Understanding the connection between Parkinson’s disease (PD) and melanoma

For decades, doctors have observed a link between Parkinson’s disease (a neurological disease affecting the nervous system) and melanoma (a type of skin cancer). Studies consistently show that having either Parkinson’s disease (PD) or melanoma more than doubles your risk of developing the other disease.

That finding may be concerning, but Beate Ritz, MD, PhD, an epidemiology and neurology professor at the UCLA School of Public Health, stresses the importance of keeping that risk in perspective. “Parkinson’s and melanoma are both really rare diseases,” she says. “Even though experts agree there is an increased risk, it doesn’t mean that every person with PD is going to get melanoma or vice versa.”

While people with melanoma or PD should not panic about the increased risk, Dr. Ritz says, they should understand the connection. Here’s what you need to know:

There is a molecular link between Parkinson’s disease and melanoma

Until now, there was an established connection between these diseases, but no one understood what caused the relationship. According to Dr. Ritz, new research identifies a protein, called alpha synuclein, as the common link between PD and melanoma.

“An abundance of the protein alpha synuclein plays a big role in the development of PD,” Dr. Ritz explains. “Studies also show that people who have PD not only have a higher level of alpha synuclein in their brain but also their skin. That increased level of alpha synuclein in the skin puts you at a higher risk for melanoma.”

In simple terms, PD does not cause melanoma and melanoma does not cause PD; rather, both diseases may depend on increased levels of alpha synuclein protein in different parts of your body. If your body makes too much of this protein or does not break down enough of it, you are at a higher risk of developing PD and melanoma.

The risk of developing Parkinson’s disease or melanoma is low

Both PD and melanoma are diseases that develop in a very low percentage of people. According to the National Institutes of Health, PD affects less than 1% of the general population and more than 1% of people age 60 and older. The lifetime risk of developing melanoma is less than 3%, according to the American Cancer Society.

“Having Parkinson’s or melanoma does mean it’s twice as likely you might get the other disease, and that is a considerable increase,” Dr. Ritz says. “But the absolute chance of developing these diseases is very low to start with.”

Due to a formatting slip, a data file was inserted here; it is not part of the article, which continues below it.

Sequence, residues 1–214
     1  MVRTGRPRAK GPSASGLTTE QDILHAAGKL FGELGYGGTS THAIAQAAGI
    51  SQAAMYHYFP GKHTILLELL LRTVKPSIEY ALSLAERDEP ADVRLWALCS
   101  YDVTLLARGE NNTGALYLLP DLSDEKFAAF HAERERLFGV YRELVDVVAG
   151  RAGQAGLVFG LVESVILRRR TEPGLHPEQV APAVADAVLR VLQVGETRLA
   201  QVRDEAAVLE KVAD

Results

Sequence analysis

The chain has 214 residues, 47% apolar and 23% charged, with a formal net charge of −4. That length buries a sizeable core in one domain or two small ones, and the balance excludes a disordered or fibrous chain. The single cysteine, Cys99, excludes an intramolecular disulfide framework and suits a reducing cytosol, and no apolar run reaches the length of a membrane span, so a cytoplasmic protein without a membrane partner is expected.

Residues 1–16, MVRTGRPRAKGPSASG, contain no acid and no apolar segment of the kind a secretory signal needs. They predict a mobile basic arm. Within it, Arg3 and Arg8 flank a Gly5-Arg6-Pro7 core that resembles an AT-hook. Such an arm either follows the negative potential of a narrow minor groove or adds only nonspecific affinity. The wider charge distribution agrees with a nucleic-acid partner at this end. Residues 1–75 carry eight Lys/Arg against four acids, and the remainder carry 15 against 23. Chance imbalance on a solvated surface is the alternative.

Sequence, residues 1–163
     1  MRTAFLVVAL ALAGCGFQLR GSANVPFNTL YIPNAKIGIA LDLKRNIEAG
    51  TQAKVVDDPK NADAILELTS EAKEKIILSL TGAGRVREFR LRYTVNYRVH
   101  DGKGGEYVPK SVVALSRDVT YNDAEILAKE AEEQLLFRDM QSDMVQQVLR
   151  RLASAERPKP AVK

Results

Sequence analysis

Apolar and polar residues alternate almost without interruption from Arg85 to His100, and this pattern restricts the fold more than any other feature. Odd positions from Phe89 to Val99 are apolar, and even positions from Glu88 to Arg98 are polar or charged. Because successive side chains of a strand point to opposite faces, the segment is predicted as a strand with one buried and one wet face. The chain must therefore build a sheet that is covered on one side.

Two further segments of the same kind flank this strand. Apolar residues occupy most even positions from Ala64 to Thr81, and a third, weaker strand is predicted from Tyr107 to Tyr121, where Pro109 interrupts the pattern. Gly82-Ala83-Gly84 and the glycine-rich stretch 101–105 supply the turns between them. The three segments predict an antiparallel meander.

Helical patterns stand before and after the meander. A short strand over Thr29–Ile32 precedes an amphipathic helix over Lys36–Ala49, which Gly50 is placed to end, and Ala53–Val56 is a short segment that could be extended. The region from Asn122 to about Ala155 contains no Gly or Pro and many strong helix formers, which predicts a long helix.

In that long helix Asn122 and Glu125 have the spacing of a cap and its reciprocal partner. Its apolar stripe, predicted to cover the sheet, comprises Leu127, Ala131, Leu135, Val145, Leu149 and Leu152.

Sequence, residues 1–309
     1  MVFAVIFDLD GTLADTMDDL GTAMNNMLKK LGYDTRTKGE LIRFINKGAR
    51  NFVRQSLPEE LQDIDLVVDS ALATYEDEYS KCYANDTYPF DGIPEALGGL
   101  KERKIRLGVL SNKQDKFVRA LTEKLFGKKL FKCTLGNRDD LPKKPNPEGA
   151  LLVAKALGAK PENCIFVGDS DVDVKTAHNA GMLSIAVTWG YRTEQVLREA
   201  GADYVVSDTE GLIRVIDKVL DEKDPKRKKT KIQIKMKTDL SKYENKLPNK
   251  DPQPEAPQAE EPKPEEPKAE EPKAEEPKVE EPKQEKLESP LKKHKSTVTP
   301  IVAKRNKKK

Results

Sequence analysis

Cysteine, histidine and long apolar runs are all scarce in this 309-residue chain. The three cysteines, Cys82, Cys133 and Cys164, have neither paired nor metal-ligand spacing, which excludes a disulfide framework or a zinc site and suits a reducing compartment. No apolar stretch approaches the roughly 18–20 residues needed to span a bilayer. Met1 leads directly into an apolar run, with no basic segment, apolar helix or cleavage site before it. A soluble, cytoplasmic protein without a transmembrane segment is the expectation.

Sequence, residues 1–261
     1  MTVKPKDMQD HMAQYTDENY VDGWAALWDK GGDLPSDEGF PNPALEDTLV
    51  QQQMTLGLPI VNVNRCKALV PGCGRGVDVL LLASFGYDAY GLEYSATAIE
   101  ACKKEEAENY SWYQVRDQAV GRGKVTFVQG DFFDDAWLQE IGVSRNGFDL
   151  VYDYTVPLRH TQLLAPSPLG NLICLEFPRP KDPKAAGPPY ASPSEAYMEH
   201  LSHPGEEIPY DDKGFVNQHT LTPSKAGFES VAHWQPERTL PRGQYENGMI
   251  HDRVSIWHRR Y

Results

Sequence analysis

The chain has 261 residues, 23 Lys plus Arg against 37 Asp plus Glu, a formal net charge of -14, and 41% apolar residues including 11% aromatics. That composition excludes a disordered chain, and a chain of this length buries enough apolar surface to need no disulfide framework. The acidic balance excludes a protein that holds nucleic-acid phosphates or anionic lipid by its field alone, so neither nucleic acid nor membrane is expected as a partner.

Parkinson’s disease (PD) and melanoma have some common risk factors

A growing number of studies show shared risk factors between PD and melanoma that include:

  • Age: Your risk of developing PD increases with age. Most people diagnosed with PD are age 60 or older. Half of melanomas occur in people older than age 50.
  • Ethnicity & skin type: Both PD and melanoma are more common in white people than either Black or Asian people. Red hair has also been linked to an increased risk of both diseases.
  • Family history: Having a close relative with either PD or melanoma increases your risk for developing that disease.
  • Gender: Both men and women develop these diseases. But men are 1.5 times more likely than women to have PD and melanoma.
  • Toxins: Long-term exposure to environmental toxins increases the chances of developing both melanoma and PD.

Talk to your primary care provider (PCP) if you are concerned about your risk factors for either of these diseases.

Taking steps to prevent melanoma and delay the onset of PD may help

There is nothing you can do to prevent your body from making too much alpha synuclein. But according to Dr. Ritz, you can control some of the additional factors that contribute to the development of these diseases.

  • Preventing melanoma: Whether you have PD or not, you should be taking steps to prevent skin cancer such as wearing protective clothing, applying sunscreen daily and staying in the shade. Make sure to get any new or changing spots on your skin evaluated.
  • Delaying the onset of Parkinson’s disease: Dr. Ritz says there is not much you can do to keep PD from developing. “Doctors can treat PD once it’s been diagnosed,” Dr. Ritz says. “Before then, the best prevention is physical activity. Research shows it may delay the onset of PD and positively affect disease progression.” 

To learn more about your risk for melanoma and Parkinson’s disease, reach out to your primary care provider.


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